Greater workplace protections proposed for road transport contractors

Freighter truck driving on windy country road.

Several of the proposed amendments to the Fair Work Act 2009 (Cth) (FW Act) in the Fair Work Legislation Amendment (Closing Loopholes) Bill 2023 (Bill) are targeted at the road transport industry.

The key amendments are designed to ensure that certain independent contractors in the road transport sector are offered greater workplace protections. The Bill proposes a new road transport objective to be inserted in the FW Act that includes setting standards to ensure the road transport industry is safe, sustainable and viable.

Some of the amendments proposed for the road transport industry are the same or similar to what is proposed for "employee-like workers". The Bill defines a "regulated worker" to include an "employee-like worker" and a "regulated road transport worker".

The changes for the road transport industry include:

  1. The Fair Work Commission (FWC) being able to make binding road transport minimum standards orders and non-binding road transport minimum standards guidelines for the road transport industry. Orders must be expressed to cover specified road transport businesses and contractors. A person covered by an order is obliged to comply with it. The proposed scope of matters that may be covered in an order or guideline is broad and includes terms dealing with payment terms, deductions, working time, record-keeping, insurance, consultation, representation, delegates' rights and/or cost recovery. Matters that cannot be included in an order or guidelines include terms about overtime rates, rostering arrangements, matters primarily of a commercial nature that do not affect the terms and conditions of engagement of employee-like workers, and terms that would change the form of the engagement or status of employee-like workers. Before a road transport minimum standards order is made, the FWC must ensure there has been genuine engagement and consultation and that any order takes into account the commercial realities of the industry and the viability and competitiveness of owner drivers.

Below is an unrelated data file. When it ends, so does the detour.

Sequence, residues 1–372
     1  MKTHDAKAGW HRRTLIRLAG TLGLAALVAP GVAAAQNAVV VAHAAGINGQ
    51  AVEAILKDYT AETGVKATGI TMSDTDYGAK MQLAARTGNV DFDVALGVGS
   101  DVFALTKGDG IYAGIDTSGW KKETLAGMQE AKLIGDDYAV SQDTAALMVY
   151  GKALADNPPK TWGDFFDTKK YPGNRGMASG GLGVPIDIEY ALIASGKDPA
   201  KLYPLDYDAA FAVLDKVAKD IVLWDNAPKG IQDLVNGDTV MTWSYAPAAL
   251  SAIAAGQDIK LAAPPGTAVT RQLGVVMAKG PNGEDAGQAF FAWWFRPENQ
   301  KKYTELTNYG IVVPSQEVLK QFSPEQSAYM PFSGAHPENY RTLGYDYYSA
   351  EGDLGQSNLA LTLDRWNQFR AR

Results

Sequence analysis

2. An ability for road transport businesses to make a consent-based road transport collective agreement with an organisation that represents the industrial interests of regulated road transport contractors;
  3. The FWC having the ability to deal with unfair terminations of a road transport contractor's services contract by a road transport business;
  4. An ability to dispute unfair contract terms in the FWC. This mechanism is not available for anyone earning above a prescribed contractor high income threshold.
  5. The changes to the rights and protections for workplace delegates extending to workplace delegates representing the interests of regulated road transport workers.

Under the proposed changes, the FWC is to establish an Expert Panel for the road transport industry. This is designed to ensure the FWC will have the expertise to assess minimum standards and conditions for the sector. The functions of the Expert Panel will extend to matters relating to modern awards for the industry, road transport minimum standards orders and guidelines and other matters that may be prescribed by the president.

A Road Transport Advisory Group will also be established to advise the FWC on matters that relate to the industry, including in relation to making and varying modern awards, minimum standards orders and road transport guidelines, and the FWC's prioritisation of industry matters.

The Minister will appoint the members of the Advisory Group and is to include members from organisations representing the industrial interests of regulated road transport contractors and those representing road transport businesses.

For more information about the Fair Work Legislation Amendment (Closing Loopholes) Bill 2023 and how the changes might apply to your organisation, please contact Lander & Rogers' workplace relations and safety legal experts.

Image by Nelson Gono on Unsplash.

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